VII. The Right to Education and the Right to Health

1. The Right to Education

Spanish law grants foreign children equal access to compulsory education up to the age of 16, and the lack of a residence permit cannot be an obstacle in the child’s access to educational programs and activities.217 Children in possession of residence permits are also able to access non-compulsory education, including tertiary education.218 Canary Islands legislation requires the drafting of an individualized education program (proyecto educativo individual – p.e.i.) for all children in residential care.219

Children below the age of 16 staying in CAMEs were in most cases enrolled in Spanish school, typically following an initial language training of a few months within the center. We spoke with children who, with as little as six months of classes, were able to be interviewed in Spanish. Children enrolled in public schools were generally enthusiastic about this learning opportunity.

Children staying in emergency centers receive significantly less education than those in CAMEs. Whereas children enrolled in Spanish schools receive around six hours of education per day, children as young as 12 in Arinaga center received as little as three hours of classes per week, taught by center staff rather than qualified instructors, and over a period of at least six months. The center only opened classroom facilities and introduced a new education program at the end of January 2007.

  • “Only some time ago I started studying more.… Since last Monday we started studying more. Before, we were organized in modules. Before there were classes every day but my module did not attend classes every day, only one day per week, maybe two, from 10 a.m. to 1 or 2 p.m. ,” 14-year-old Adama S. told us.220
  • “Yesterday we had classes but not today. Only on Thursday this week, from 11 to 12 a.m. There were no Spanish classes before. The first time was on Monday, the second time on Thursday. Only this week they started, never before,” said Mohammad I., age 12.221
  • “We didn’t go to school there. We studied in the kitchen there and here also.… I would like to go to school. [Here] class isn’t every day,” 13-year-old Rashid P. reported.222

Human Rights Watch did not attempt to evaluate the curriculum that children received in Arinaga and other emergency centers, but we observed other features of those centers that suggested that the instruction children received there was not equivalent to the education they would receive in a local school.  For example, neither Tegueste nor La Esperanza had classroom facilities when we visited; Arinaga center was due to open a building for classes at the end of January 2007. Cafeterias may provide adequate, if not ideal, spaces for instruction, but none of the emergency centers appeared to have any instructional materials at the time of our visit—we saw no blackboards, books, or school supplies in any of these centers. In addition to the lack of instructional materials, children reported that they had no homework or other assignments. As a consequence, they spend their free time hanging around in the courtyards or watching TV.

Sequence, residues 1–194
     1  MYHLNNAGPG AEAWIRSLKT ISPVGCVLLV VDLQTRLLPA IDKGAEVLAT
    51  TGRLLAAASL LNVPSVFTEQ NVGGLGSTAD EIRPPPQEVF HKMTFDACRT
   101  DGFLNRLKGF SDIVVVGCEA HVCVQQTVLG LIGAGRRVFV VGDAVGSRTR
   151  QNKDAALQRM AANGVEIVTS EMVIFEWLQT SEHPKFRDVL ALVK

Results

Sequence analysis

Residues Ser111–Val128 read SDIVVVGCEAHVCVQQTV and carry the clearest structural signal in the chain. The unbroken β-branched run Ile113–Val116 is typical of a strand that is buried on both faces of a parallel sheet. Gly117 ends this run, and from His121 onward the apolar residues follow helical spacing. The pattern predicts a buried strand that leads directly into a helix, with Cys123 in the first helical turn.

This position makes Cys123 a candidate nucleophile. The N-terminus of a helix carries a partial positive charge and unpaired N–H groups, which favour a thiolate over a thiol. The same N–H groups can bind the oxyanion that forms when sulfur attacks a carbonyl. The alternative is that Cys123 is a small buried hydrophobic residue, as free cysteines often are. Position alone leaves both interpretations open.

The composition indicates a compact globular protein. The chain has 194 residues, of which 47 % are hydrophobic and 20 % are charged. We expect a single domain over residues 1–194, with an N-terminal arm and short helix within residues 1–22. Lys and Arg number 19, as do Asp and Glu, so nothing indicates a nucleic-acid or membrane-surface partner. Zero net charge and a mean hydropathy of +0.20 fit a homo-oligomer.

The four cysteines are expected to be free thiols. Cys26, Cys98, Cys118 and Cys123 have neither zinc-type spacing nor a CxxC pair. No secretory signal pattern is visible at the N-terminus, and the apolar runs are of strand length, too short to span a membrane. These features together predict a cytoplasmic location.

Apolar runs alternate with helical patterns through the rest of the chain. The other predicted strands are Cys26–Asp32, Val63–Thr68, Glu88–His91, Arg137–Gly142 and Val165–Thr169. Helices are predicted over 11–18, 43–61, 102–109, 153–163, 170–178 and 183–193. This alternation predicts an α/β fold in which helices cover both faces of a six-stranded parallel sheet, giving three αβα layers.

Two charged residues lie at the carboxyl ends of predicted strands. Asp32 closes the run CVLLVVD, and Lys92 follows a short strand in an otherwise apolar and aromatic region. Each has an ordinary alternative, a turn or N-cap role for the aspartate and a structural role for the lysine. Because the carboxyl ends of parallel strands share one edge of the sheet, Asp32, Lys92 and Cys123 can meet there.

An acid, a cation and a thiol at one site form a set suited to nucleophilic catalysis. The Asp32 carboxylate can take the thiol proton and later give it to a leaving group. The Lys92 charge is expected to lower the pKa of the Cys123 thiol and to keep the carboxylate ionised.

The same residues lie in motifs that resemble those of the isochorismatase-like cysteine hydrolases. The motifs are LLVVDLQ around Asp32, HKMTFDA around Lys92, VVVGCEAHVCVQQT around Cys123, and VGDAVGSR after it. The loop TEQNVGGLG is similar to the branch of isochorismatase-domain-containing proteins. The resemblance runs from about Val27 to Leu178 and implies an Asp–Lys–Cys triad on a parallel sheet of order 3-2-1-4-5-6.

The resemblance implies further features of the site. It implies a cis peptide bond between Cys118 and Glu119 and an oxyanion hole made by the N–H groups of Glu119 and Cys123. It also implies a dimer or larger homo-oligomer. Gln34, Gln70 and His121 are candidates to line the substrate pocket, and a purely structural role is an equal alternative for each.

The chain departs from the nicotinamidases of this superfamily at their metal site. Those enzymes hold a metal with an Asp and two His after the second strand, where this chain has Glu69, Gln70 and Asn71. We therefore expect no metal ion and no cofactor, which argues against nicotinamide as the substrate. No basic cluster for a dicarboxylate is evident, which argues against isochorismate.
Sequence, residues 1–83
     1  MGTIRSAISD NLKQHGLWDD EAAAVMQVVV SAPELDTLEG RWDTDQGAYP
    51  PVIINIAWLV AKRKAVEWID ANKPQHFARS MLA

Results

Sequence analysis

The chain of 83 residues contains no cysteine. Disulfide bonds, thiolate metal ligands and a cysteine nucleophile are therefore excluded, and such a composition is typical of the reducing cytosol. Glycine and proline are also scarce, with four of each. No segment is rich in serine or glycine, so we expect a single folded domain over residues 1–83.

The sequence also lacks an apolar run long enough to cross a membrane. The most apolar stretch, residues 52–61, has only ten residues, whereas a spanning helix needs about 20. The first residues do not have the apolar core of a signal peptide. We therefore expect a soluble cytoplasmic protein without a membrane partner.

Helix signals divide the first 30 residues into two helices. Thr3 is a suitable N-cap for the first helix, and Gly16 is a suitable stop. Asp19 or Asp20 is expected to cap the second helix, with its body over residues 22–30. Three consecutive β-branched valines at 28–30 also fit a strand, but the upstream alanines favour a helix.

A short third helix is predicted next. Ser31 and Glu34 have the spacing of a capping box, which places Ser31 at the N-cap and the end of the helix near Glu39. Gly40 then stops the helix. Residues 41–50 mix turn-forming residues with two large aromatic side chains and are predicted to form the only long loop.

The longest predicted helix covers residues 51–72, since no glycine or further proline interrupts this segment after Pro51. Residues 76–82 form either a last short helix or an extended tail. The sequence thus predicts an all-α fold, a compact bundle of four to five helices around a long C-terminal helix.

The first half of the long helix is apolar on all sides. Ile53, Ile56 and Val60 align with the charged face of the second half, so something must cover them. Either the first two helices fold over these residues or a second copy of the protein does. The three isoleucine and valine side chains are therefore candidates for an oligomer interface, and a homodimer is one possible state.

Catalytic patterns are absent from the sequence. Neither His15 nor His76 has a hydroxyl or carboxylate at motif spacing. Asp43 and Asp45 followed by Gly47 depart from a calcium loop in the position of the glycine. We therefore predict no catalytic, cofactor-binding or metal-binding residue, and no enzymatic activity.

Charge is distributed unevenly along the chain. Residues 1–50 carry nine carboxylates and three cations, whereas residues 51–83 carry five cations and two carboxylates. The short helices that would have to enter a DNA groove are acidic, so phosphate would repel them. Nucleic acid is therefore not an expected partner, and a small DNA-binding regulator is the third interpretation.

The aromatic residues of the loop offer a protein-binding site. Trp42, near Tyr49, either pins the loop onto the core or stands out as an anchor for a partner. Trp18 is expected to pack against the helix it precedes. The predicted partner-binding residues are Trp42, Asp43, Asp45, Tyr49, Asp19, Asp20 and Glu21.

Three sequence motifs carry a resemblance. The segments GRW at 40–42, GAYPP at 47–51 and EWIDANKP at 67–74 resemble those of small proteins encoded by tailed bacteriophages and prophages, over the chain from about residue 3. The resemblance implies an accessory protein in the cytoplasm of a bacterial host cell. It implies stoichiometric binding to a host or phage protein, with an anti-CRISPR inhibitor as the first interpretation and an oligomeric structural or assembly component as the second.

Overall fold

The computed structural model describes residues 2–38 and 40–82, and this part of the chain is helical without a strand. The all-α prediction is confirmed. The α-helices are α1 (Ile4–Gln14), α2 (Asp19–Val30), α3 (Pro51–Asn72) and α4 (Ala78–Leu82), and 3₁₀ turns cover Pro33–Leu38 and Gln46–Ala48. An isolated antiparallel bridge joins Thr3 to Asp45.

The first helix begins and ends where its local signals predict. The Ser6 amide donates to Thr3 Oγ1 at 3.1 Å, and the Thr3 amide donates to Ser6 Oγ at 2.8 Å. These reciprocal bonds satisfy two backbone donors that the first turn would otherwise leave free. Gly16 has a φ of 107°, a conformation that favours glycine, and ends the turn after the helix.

Access to and quality of education is in practice determined by the type of center a child is assigned to. This poses a serious obstacle for children placed in emergency centers since access to quality education is key to enhancing their chances for successful integration including access to the regular labor market.

Vocational education

Children from the age of 16 have the possibility of pursuing vocational training to develop skills and increase their chances for job opportunities.

The lack of places in such training programs for national and foreign children alike is a shortcoming in the Canary Islands. Most children have attended short-term workshops of a few weeks or months only, and a majority of children in emergency centers did not attend any vocational training at all. Arinaga and La Esperanza centers only started preparations to offer on-site vocational training workshops in January 2007.

Human Rights Watch received contradictory information on whether migrant children were able to attend the full vocational training without a valid work permit. One child reported no problems in attending vocational training over a period of up to two years. Two boys, however, told us that the absence of a work permit prevented them from attending the practical segment of a vocational training program. “I attend professional training every day.… I was not included in the practical part because I don’t have the required permit to do the practical part. I have to wait some more months but I don’t know when I will receive my permits,” 17-year-old Abdullahi F. said.223 Shai L., age 17, told us, “I followed a vocational training course for six months.… I only did the part of the vocational education in the school, and I didn’t do the practical part in the company.”224

Participation in the practical segment provides an important opportunity for children to secure a work offer, access to the regular labor sector, and consequently regularization of their status after age 18. In the practical segment, a child can directly establish contact with a potential employer and is able to prove himself or herself as a future employee.225